The General Education Fund from the UI pays for most full-time employee salaries, Swanson said. The funding also paid for the student assistants – who supervised the hourly students – who were also full-time staff.

Swanson said Hancher is considering several ways to create a sustainable income as its largest source of funding gradually fades away. One method is to do more, however, with less people — including student assistants.

“We have to look at everything, and our student assistantship program requires funding that we may not be able to sustain,” he said. “That is very sad to us.”

There are currently a couple of open positions at Hancher – a Community and Campus Engagement Manager and Performance Event Management Specialist – but Swanson doubts either will be filled. The university’s funding helped Hancher be what it is today, Swanson said, and while he doesn’t want to change Hancher’s mission, the performing-arts center will have to change what it does.

Changes may include renting the building, additional charges, and increased ticket prices, he said. Donations allowed Hancher to provide tickets to students for only $10, but that too may need to be reconsidered. Swanson added that the theater is trying to brainstorm ways to raise more money.

Hancher is not situated in a metropolitan area, Swanson said, so it would be incredibly difficult to host shows that run three to four weeks like Hamilton. Hancher would not make enough of a profit in the box office to sustain itself.

“As we have our work plan ahead of us, we’re going to have to really dig deep … because a million and a half to us is a lot of money — that’s a significant amount of money,” Swanson said. “But that’s an investment the university has made and that has given us the opportunity to do the things that Hancher has done.”

In addition to these changes, Swanson and Hancher Programming Director Paul Brohan have been concentrating on the theater’s fall 2020 season and how it can deliver the performing arts to Iowa City.

Members of Step Afrika! performing ‘Drumfolk’ at The New Victory Theater, on Wednesday, February 26, 2020. (Rachel Papo for The New York Tim)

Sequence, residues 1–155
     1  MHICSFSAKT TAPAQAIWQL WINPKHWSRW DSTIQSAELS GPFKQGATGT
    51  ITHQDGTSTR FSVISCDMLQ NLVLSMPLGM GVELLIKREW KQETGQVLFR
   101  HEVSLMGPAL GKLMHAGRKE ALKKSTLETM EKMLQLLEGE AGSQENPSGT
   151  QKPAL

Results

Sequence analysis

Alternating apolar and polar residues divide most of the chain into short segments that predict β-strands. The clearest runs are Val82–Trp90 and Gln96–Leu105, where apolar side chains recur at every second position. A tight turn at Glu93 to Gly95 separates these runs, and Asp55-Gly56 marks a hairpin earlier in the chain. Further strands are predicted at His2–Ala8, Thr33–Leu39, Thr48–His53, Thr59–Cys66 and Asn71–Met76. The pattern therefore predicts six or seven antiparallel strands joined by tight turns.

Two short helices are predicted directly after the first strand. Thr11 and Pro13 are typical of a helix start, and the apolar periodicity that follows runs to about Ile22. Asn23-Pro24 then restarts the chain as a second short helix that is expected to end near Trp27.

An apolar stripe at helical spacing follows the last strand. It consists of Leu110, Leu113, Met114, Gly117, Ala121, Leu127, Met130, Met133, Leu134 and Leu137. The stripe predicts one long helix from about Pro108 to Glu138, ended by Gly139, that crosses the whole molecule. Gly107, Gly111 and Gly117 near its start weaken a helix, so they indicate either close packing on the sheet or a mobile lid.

Brohan is working to engage audiences virtually with artists who were scheduled for this season. Most of these plans have yet to be released to the public, and Hancher has officially had just one online and free event this fall — a virtual world premiere with Step Afrika!’s latest dance project, ‘Stono,’ on Sept. 9.

“Hancher has a longstanding history of hosting artists and exploring issues that are relevant to our society and our culture,” Brohan said. “And we have a long history of heightening the issues of African Americans and Black Americans. And this is a relationship with Step Afrika! that could not be more timely and is not accidental.”

Hancher’s stages and facilities will not remain completely empty this semester, however. A week before classes started, Swanson received word that the UI Dance Department – located in Halsey Hall – was short on space to rehearse while practicing social distancing. When the department reached out to the auditorium, Swanson said he wanted to help and decided to let the dancers use the Strauss Rehearsal Hall and Hadley Stage.

“Collaboration and empathy for others are important to Hancher, so it didn’t take us long to find a way to offer spaces to our friends from the Dance Department,” Swanson said. “This makes us happy and fits well with our goal of working with students and being the largest classroom on campus.”

With changes and the unknown bright on the horizon, Swanson said he still wants Hancher to be one of the leading fine arts presenters in the U.S.

“We want to carry on what Hancher has been and I don’t want to diminish the significance of Hancher being one of the leading presenters in the country,” Swanson said. “I really want to continue that.”